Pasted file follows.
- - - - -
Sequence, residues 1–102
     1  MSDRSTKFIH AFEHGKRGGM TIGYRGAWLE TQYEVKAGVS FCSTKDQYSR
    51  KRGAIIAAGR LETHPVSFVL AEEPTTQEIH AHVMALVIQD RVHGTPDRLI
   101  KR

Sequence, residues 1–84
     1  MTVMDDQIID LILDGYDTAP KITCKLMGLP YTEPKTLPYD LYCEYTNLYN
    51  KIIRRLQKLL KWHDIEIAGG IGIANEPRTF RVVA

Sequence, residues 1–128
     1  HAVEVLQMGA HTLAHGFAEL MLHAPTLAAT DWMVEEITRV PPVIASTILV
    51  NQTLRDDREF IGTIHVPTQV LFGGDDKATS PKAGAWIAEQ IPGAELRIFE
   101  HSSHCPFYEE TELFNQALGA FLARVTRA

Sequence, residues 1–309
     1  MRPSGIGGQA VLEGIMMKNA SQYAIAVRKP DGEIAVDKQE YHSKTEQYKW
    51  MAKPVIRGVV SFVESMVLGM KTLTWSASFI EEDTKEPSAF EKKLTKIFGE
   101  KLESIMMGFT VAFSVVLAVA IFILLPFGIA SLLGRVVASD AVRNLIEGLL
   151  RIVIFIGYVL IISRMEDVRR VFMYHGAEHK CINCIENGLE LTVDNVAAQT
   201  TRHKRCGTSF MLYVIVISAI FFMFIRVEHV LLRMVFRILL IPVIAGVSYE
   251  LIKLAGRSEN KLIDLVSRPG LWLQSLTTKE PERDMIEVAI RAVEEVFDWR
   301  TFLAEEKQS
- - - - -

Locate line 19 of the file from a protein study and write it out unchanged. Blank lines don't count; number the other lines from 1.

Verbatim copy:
   301  TFLAEEKQS